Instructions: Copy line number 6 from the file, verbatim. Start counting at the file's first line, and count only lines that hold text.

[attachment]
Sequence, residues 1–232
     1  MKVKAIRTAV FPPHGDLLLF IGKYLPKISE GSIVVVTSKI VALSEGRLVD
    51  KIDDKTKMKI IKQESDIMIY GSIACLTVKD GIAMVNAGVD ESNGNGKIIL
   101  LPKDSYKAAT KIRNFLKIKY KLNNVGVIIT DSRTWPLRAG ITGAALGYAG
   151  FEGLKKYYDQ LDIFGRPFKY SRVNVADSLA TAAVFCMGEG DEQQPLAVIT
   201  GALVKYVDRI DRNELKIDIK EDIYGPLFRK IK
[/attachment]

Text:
   201  GALVKYVDRI DRNELKIDIK EDIYGPLFRK IK